Energy cost reductions at iconic Library of Birmingham
We currently provide technical and facilities management services for Birmingham City Council, including maintenance of all services (except lifts and escalators) in the flagship Library of Birmingham.
This award-winning building is a real landmark for the city and the perfect symbol of the resurgence that the city is currently enjoying, and we are immensely proud of our ongoing association.
With 35,000 square metres of public space, theatre spaces, a gallery, dedicated children’s library, classrooms, vast library spaces and a number of close-control archives housing the city’s heritage collection, this state-of-the-art building really was a challenge we relished taking on.
The library received nearly 2 million visits in 2015 and was the most visited tourist attraction outside of London (based on figures from the Association of Leading Visitor Attractions).
Our sister companies were a key part of the initial build team from 2011 and our involvement has grown since the project’s completion.
We have worked hand-in-hand with the library team to help cope with what was a very challenging defects period, dealing with latent defects whilst navigating through the collapse of Carillion, the main contractor for the build.
We manage a complex supply chain of specialists and also have a dedicated on-site team which deals with every challenge that a building of this complexity has in store.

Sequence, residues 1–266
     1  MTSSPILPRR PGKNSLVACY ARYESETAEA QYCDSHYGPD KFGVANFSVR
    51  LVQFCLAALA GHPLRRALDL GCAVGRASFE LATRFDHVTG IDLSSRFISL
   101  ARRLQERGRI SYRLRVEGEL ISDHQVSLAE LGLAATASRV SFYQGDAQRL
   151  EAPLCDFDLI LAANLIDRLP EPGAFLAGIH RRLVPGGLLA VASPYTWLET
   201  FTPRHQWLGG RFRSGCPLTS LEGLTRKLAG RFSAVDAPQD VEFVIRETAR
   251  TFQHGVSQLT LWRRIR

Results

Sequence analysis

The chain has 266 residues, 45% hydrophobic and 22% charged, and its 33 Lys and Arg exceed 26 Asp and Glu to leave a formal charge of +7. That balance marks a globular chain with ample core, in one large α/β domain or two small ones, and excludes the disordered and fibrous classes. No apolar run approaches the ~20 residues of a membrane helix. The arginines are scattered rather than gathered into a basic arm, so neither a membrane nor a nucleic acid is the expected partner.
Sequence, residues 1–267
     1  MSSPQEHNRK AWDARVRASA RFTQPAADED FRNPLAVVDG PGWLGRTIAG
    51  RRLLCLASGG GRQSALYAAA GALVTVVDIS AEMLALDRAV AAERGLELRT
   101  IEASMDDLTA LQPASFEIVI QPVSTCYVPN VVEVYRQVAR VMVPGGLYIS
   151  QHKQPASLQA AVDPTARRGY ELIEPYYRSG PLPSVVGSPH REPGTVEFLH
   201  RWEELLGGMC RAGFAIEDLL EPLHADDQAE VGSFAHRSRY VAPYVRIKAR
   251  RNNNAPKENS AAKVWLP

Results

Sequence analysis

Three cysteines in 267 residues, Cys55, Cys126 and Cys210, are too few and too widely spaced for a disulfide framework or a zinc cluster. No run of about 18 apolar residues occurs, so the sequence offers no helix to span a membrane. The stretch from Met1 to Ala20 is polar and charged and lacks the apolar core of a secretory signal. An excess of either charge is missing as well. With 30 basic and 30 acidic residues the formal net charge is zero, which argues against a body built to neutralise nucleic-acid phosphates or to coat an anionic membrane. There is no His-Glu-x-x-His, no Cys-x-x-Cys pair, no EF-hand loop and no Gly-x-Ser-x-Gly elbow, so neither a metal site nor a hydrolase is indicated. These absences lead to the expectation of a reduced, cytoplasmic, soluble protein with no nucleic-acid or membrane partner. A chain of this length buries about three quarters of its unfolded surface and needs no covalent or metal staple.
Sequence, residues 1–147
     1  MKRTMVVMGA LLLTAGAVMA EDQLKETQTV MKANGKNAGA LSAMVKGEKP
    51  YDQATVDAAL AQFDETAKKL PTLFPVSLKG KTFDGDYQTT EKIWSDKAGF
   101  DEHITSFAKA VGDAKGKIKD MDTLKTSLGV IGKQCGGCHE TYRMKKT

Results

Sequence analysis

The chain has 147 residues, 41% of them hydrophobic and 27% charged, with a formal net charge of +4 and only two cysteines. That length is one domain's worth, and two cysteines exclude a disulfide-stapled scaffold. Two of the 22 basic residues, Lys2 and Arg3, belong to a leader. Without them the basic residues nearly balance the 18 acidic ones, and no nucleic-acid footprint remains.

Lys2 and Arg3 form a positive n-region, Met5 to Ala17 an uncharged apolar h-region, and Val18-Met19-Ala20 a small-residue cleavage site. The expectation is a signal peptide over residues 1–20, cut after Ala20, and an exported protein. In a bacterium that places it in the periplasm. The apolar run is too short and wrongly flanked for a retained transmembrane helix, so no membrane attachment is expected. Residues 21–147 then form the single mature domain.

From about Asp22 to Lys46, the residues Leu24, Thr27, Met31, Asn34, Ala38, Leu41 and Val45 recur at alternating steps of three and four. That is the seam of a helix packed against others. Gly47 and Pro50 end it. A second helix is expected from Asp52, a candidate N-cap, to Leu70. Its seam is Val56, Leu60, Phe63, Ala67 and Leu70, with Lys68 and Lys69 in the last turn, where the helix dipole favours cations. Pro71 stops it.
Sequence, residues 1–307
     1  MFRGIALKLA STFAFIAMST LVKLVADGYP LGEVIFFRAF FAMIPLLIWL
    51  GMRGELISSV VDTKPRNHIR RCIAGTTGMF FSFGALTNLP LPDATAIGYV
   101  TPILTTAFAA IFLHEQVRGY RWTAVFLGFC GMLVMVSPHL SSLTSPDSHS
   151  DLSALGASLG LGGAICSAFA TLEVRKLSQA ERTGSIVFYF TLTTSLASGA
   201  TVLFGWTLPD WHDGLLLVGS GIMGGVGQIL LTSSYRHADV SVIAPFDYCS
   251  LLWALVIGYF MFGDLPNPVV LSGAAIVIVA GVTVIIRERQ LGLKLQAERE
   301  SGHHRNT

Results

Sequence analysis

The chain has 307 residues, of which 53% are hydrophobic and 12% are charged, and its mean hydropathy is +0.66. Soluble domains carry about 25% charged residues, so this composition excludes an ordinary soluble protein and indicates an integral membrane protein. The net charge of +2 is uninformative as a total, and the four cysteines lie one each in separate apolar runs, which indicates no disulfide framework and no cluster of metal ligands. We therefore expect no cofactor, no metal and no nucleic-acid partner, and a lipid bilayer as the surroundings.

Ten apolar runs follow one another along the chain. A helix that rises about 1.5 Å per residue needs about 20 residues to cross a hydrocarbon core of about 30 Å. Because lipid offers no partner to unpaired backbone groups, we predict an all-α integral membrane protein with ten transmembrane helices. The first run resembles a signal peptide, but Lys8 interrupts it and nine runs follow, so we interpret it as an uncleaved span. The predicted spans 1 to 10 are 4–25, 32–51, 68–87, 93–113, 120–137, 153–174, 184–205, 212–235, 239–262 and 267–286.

In addition to the day -to-day maintenance of the building, a number of additional schemes have been carried out, with changes to controls, plant, hydraulics as well as mechanical and natural ventilation systems.
Changes to heating systems include optimisation of software and system integration, fine tuning of system flowrates, alterations to time schedules and some minor mechanical alterations.
The cooling system has been modified mechanically and there have been substantial changes to the control philosophy, partly to accommodate changes to the building use, but mainly through us identifying that we could switch off parts of the system if some fairly minor changes were made. Parts of the cooling system serve critical equipment, such as the computer server rooms and the library archives, so all works had to be carried out without any disruption to service
The outlay for our client has been minimal (less than £3,000 a year) and the saving now runs in the region of £50,000 per quarter.
The net energy reduction amounts to between 25 and 35 per cent when comparing season to season.